Surroundings: A History of Environments and Environmentalisms

surroundings book

Etienne S. Benson
The University of Chicago Press, £22.00

Hippocrates said that ‘the chief virtue that language can have is clearness, and nothing detracts from it so much as the use of unfamiliar words'. But sometimes what might have seemed clear at one time can become murky at another. This is true to a certain extent with the concept ‘environment’. It was Hippocrates himself in his famous ‘Of airs, waters and places’ who emphasised the importance of a person’s surroundings on their propensity to become ill.

Much later it was the French physiologist (and vivisectionist) Claud Bernard who famously wrote that  ‘the stability of the internal environment [the milieu intérieur] is the condition for the free and independent life.’ The idea of the milieu (either internal or external) as being important for both plant and animal life was fundamental to French scientists at the Muséum National d’Histoire Naturelle in Paris, in the late eighteenth century.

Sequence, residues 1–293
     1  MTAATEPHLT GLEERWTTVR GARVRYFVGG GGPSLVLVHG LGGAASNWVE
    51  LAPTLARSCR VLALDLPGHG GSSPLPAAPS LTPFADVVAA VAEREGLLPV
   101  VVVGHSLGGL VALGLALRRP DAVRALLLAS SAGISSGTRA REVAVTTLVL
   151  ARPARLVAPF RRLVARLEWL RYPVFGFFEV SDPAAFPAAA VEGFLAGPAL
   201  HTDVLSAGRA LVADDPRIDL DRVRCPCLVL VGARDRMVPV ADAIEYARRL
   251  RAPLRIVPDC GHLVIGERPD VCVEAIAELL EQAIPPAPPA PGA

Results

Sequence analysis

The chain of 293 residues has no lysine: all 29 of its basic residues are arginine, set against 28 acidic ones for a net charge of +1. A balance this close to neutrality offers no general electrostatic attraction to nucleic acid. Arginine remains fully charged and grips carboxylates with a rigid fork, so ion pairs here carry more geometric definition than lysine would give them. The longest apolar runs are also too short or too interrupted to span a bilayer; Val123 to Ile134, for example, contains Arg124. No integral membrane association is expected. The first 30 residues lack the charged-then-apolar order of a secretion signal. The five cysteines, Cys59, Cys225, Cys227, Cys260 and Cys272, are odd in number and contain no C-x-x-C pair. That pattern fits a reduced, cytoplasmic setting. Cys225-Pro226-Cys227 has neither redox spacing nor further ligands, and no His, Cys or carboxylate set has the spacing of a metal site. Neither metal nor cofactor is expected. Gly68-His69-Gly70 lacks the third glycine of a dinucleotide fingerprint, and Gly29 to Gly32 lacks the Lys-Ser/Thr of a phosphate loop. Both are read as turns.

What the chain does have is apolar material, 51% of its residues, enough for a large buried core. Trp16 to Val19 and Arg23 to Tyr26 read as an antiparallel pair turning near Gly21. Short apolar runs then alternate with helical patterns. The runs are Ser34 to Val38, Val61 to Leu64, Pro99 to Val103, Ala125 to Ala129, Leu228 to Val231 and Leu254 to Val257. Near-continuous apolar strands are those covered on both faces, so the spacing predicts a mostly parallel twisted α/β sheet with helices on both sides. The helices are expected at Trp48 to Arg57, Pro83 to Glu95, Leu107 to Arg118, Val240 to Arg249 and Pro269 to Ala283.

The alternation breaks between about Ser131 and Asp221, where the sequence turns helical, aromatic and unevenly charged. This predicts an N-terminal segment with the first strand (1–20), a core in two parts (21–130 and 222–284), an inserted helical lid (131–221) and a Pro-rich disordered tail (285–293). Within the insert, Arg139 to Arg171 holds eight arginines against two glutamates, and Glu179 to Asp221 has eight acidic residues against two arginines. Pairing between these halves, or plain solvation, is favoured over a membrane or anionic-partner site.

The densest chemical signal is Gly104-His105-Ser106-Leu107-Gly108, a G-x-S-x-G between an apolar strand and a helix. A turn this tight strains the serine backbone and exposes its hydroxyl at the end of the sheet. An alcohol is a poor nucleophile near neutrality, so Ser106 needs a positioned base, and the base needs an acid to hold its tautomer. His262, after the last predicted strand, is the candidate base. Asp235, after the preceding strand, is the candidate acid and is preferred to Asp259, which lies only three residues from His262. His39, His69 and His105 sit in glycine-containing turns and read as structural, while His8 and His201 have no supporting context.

Their concept of environment forms the first chapter of a lively historical survey of the concept in epidemiology, sociology and ecology to the idea of world systems, the Gaia theory and Anthropocene.

Recent formulations of the idea of environment, especially the ideas of Bruno Latour, reveal that nature is no longer an inert background from which resources are extracted for human activities; rather, it has reclaimed its role as an active agent in the fate of the planet.

As with everything else today, the effect of Covid-19 may influence the ideas associated with the environment. As Paul Crutzen and his colleague Eugene Stoermer describe in their paper that first formulated the idea of the Anthropocene: ‘Unless there is a global catastrophe – a meteorite impact, a world war or a pandemic – mankind will remain a major environmental force for many millennia.’ As Sun Ra, the Afrofuturist musician and poet said: ‘the possible has been tried and failed. Now it’s time to try the impossible’. Or, as Bruno Latour says, the choice, even more starkly now, is ‘to modernize or to ecologize.’

Derek Charlwood

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